Firefox was the first web browser to introduce a invisibility timeout to their font loading in 2011—if the web font hasn’t loaded in three seconds, the fallback font is rendered. Chrome followed suit in 2014 and Safari was the last major browser to adopt the timeout in 2016. Notably, this marked the year in which CSS-only methods to load web fonts were no longer a single point of failure for web pages. However, developers still had limited control over text visibility while the font was loading.

Read a more detailed account of web font loading history.

2018: CSS-only is good again!

2018 marked a new epoch of font loading behavior with the adoption of font-display. Our CSS-only savior, font-display is a simple CSS descriptor that allows developers to take back control over the text invisibility behavior of web font loading.

@font-face {
  font-family: Noto Serif;
  src: url(notoserif.woff2) format('woff2'),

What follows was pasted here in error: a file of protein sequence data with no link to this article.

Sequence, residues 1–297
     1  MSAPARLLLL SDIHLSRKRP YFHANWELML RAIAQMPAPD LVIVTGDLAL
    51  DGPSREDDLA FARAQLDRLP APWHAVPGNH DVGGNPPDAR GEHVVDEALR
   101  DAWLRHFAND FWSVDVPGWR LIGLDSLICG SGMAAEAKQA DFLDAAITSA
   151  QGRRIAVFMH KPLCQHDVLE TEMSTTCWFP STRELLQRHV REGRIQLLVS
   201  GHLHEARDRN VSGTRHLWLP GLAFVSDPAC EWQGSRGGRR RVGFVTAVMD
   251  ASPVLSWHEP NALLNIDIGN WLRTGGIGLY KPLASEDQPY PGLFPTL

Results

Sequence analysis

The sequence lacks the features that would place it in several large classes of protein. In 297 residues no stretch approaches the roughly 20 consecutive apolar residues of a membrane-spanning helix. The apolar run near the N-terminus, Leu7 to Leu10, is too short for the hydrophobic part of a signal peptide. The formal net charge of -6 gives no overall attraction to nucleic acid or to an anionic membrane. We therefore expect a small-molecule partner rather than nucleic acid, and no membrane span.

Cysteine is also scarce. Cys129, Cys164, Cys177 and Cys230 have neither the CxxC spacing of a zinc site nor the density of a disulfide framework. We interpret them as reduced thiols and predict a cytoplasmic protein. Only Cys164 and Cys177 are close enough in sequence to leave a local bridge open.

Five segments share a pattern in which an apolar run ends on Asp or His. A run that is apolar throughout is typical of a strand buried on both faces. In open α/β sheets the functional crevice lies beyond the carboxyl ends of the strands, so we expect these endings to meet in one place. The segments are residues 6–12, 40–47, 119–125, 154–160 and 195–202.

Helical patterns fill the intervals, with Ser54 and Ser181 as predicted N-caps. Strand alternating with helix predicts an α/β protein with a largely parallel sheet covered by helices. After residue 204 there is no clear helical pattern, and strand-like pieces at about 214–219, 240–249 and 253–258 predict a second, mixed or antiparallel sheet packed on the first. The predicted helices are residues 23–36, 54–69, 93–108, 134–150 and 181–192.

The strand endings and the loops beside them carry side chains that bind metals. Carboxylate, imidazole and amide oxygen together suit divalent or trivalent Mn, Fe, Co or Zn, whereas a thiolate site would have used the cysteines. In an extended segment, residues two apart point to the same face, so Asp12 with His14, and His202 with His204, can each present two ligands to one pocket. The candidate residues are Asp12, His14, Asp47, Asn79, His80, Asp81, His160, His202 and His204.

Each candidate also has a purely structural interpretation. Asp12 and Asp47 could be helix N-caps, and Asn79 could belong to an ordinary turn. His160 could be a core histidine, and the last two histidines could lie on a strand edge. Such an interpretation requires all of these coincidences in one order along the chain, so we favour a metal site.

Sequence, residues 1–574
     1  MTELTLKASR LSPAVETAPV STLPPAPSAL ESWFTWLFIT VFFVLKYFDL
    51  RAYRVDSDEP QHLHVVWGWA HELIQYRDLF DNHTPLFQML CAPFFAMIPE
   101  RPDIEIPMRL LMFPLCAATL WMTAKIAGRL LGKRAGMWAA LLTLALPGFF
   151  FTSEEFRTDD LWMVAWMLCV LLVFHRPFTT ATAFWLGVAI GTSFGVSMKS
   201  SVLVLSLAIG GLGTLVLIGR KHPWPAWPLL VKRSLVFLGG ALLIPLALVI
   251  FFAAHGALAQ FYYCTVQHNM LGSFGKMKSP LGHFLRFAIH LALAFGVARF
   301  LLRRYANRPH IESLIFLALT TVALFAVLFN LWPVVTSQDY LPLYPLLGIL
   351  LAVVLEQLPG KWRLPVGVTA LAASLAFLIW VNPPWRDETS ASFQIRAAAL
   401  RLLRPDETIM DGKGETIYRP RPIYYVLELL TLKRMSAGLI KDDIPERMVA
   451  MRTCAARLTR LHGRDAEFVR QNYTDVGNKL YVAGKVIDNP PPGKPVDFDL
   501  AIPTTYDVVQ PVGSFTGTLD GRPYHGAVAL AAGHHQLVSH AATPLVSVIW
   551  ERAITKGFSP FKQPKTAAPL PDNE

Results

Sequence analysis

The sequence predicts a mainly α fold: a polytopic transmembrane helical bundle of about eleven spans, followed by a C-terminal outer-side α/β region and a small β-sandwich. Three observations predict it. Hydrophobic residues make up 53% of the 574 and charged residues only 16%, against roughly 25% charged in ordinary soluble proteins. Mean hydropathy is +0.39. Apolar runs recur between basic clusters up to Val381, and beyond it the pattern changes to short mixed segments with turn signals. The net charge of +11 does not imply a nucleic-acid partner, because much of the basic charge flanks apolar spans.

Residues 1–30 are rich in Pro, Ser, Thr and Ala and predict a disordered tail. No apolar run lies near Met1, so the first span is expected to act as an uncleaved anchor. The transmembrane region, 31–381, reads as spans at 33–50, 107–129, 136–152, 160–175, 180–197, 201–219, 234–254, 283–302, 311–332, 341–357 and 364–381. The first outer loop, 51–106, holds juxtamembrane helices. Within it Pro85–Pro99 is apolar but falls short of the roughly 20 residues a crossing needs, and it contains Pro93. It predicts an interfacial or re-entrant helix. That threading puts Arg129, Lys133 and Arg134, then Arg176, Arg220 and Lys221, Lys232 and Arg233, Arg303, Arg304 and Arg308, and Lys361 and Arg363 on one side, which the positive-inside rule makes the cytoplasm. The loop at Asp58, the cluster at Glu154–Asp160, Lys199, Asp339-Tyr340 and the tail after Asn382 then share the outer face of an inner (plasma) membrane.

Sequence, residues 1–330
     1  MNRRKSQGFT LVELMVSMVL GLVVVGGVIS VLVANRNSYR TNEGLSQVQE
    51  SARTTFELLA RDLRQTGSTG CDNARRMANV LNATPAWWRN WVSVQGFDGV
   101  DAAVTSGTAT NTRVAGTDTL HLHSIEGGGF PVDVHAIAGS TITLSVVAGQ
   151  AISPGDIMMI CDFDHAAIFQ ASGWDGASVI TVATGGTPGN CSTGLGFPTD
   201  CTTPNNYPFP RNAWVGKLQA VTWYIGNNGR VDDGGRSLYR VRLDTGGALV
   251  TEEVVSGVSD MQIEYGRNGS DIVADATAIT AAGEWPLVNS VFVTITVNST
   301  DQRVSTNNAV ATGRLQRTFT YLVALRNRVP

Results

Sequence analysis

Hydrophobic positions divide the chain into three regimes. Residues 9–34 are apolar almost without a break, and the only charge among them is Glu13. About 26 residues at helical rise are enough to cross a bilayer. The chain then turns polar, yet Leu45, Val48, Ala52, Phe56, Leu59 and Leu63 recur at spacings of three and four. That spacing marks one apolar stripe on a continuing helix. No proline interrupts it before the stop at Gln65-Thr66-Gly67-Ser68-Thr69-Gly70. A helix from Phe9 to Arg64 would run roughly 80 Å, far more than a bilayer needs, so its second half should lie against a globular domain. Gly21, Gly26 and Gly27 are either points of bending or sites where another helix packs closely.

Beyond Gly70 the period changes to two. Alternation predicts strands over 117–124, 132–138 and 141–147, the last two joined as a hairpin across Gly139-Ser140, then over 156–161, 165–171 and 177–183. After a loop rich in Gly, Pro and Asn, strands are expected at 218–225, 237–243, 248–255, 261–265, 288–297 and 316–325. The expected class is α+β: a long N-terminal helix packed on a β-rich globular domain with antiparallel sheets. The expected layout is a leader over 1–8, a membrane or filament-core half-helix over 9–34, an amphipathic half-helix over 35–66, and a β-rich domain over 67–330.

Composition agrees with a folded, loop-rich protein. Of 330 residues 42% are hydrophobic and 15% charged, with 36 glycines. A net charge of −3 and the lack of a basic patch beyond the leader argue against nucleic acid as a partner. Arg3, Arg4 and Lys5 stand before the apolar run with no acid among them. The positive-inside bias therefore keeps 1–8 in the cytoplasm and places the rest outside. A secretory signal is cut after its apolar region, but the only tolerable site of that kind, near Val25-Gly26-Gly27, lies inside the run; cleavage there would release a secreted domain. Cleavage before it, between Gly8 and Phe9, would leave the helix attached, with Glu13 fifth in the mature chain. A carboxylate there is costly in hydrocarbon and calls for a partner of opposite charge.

url(notoserif.woff) format('woff');
  font-display: swap;
}

With burgeoning browser support, font-display alleviates JavaScript as a requirement for visible text while the font loads! This makes for a great, simple baseline for font loading that will be “good enough” for many sites.

Learn more at Monica Dinculescu’s font-display page on Glitch.

Why Would You Still Use JavaScript?

It is true that using the font-display descriptor can get you to an acceptable level of web font loading—but we can do better! Let’s look at some additional improvements we can make:

1. Group Repaints

When you load multiple font files for a single typeface, each request can incur a separate repaint and reflow. Reduce the amount of movement on your page by grouping this into a single repaint. You can read more about this at The Problem with font-display and Reflow.